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After The Close - The first day of the new trading week went to the bears, through it should be noted that market participation—as measured by volume—remained light, which may well be an indication of a lack of conviction on the part of traders. It may also be a case of some investor fatigue after a phenomenal bull run in 2013 and some hesitation ahead of forthcoming significant news on both the earnings and economic fronts. Indeed, as we move closer to the start of fourth-quarter earnings season, investors remain focused on this Friday’s report on nonfarm payrolls for the month of December. The employment report can be a game changer and, thus, it seems as market participants are restraining from making any major moves ahead of the job creation data. 

Specifically, the major market averages started the session to the upside, but quickly reversed course, prompted by a weaker-than-expected report on the services sector (more below). For much of the session, the equity indexes were not too far removed from breakeven, but were in negative territory nonetheless. The selling was more pronounced in the tech-heavy NASDAQ Composite and among the small- and mid-cap issues. This, coupled with the drop in the yields on fixed income securities, may be an indication that investors are a bit more reluctant these days to add more risk to their portfolios, especially with the market overbought. Overall, declining issues led advancers on both the Big Board and the NASDAQ, with the spread a bit more pronounced on the latter exchange. 

From a sector perspective, it was mostly a sea of red ink among the 10 major categories. The biggest laggards were the consumer discretionary and industrial groups. The former was likely hurt by a slightly weaker-than-expected report on non-manufacturing activity. Specifically, the Institute for Supply Management reported that non-manufacturing activity came in at 53.0, which was a full three percentage points above the acknowledged dividing line between an expanding non-manufacturing base and one that is contracting. However, the latest survey showed the smallest rate of growth since June, when the index registered 52.2. Meantime, there also appeared to be some sector rotation in play once again today. This time, investors showed more interest for the utilities and telecommunications stocks. Our sense is the drop in the yield on fixed-income securities, which makes bonds less attractive from an income perspective, had some to do with the activity in those two equity sectors.

As noted, fourth-quarter earnings season is fast-approaching, unofficially kicking off after the close of trading this Thursday when former Dow-30 component and aluminum producer Alcoa (AA) releases its full-year results. It should be noted that given that a good deal of the companies are reporting yearend figures, the reports will be less concentrated and spread out over a large time period. The current sentiment is calling for another decent performance at the bottom lines, but revenues growth will likely be a bit more subdued. With the market clearly overextended—the S&P 500 Volatility Index (or VIX) ended the session below 14, a level that would clearly suggest such an environment—a disappointing earnings season, at the very least, could prompt some selective selling in the equity market.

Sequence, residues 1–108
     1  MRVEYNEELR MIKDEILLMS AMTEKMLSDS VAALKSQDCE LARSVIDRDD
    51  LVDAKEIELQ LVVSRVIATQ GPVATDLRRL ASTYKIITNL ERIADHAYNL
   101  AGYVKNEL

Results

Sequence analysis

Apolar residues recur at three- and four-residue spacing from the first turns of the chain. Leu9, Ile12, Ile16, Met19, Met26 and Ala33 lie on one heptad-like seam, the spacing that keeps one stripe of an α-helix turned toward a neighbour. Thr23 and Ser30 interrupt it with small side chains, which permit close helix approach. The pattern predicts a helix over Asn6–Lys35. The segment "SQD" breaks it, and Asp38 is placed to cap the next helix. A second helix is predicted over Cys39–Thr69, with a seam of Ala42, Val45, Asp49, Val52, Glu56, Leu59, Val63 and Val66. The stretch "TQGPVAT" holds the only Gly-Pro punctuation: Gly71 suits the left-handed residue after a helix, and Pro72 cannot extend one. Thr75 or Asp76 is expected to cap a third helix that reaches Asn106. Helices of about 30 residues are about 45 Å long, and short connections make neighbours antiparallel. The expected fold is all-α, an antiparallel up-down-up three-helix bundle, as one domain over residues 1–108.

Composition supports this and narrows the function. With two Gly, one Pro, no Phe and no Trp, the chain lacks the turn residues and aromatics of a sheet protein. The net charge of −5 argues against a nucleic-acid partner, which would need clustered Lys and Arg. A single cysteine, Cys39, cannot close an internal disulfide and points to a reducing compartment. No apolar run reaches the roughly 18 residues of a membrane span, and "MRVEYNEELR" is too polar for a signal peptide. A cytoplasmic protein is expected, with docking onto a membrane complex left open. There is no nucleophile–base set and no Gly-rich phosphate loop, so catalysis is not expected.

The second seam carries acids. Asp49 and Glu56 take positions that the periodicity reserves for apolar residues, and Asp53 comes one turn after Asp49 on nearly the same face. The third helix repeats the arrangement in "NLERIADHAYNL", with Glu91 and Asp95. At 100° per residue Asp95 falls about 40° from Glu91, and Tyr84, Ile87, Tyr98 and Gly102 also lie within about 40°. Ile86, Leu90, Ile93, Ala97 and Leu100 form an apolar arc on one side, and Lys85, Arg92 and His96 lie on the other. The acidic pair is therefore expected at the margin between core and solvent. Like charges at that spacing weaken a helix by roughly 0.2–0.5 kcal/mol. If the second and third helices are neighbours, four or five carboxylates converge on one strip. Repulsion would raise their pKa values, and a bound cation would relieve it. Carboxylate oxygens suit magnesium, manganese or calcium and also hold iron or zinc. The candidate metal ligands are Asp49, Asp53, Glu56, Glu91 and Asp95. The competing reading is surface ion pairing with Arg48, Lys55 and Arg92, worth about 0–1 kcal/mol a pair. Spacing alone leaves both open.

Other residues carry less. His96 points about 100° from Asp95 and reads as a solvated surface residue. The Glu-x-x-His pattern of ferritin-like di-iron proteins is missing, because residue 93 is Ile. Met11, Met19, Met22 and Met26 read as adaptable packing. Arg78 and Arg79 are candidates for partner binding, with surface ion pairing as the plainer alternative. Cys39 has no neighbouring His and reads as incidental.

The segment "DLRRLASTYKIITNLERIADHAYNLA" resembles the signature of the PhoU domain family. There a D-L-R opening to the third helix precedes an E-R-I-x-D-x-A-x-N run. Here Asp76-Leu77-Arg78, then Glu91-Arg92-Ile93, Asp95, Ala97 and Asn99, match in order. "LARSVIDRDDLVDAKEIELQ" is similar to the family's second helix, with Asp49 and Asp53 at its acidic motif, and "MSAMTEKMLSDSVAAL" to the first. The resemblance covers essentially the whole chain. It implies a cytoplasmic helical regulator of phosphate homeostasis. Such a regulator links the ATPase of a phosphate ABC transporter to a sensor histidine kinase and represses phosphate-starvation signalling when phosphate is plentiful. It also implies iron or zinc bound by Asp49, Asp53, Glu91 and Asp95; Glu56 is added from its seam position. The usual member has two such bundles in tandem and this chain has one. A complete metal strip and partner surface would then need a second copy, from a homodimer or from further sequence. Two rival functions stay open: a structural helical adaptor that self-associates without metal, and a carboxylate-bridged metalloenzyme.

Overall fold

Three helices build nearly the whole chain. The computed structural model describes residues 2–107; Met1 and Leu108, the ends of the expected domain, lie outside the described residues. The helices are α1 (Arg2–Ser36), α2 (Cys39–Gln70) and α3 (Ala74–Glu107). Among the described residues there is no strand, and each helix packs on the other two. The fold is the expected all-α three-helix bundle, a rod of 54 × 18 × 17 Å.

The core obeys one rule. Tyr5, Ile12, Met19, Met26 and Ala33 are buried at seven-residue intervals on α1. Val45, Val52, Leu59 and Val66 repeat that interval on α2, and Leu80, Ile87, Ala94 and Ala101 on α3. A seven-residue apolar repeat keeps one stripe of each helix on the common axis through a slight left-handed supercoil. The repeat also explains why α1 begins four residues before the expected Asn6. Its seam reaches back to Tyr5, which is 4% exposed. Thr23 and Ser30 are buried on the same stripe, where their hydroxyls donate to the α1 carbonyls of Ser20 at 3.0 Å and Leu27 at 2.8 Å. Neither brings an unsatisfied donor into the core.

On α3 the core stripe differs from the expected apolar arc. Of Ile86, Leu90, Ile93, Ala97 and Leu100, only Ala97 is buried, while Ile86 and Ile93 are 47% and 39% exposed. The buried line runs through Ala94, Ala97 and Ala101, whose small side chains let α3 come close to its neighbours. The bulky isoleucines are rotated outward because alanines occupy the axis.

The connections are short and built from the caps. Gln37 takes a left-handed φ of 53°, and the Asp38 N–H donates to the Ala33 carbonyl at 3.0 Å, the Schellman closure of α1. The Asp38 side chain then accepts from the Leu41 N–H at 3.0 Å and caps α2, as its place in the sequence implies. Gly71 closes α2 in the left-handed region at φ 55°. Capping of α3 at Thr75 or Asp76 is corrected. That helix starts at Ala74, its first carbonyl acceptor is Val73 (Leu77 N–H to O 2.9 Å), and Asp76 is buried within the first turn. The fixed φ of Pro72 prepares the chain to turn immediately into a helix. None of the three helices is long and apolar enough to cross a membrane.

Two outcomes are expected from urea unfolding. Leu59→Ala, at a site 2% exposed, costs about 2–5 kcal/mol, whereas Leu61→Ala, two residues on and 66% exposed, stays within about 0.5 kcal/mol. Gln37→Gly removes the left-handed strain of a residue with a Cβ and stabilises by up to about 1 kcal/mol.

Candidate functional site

Looking ahead to the remainder of this week, as noted, all eyes will be on this Friday’s report on employment and unemployment from the Labor Department. In addition to providing additional insight on how the economy is doing, it is expected to be closely watched by the Federal Reserve, which is scheduled to meet on the 28th and 29th of this month to set monetary policies. The Federal Reserve’s accommodative policies in recent years have been credited with playing a big role in the equity market’s notable move higher.  The reaction to this report with all be another sign as to whether the market is now trading on the health of economy or on just Fed hopes. The latter seemed to be the case for much of the second half of 2013. -William G. Ferguson

At the time of this article’s writing, the author did not have positions in any of the companies mentioned.

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12:30 PM EST - The U.S. stock market opened higher early this morning, but the advance has so far proven unsustainable. At past noon in New York, the major averages are all trading lower. The Dow Jones Industrial Average is off 35 points; the broader S&P 500 Index is down five points; and the technology-heavy NASDAQ is lower by about 19 points. Market breadth also confirms a slightly negative bias to today’s session, as declining issues are ahead of advancers.

Most market sectors are trading in negative territory. There are pronounced losses in the basic materials area, as the steel names are weak today. The industrial issues are also headed lower, with losses in the construction-related stocks. Some consumer and technology issues are also slipping. Meanwhile, the financial stocks are bucking the downtrend, thanks to strength in several banks. Further, the high-yielding utilities are holding up a bit better than other groups.

Technically, the stock market has weakened during the first few trading days of 2014. The S&P 500 Index is on track to log its third consecutive daily loss, barring a late-day reversal. Nonetheless, trading volumes remain light, suggesting a lack of participation by the large institutions. Many traders and money managers may be maintaining a cautious stance, especially given the market’s current level. It is evident that the economy is on the mend, and the earlier runup in equities likely reflects that. However, stock valuations have become extended, as price-to-earnings ratios are quite high; dividend yields are low; and appreciation potential is, in many cases, limited.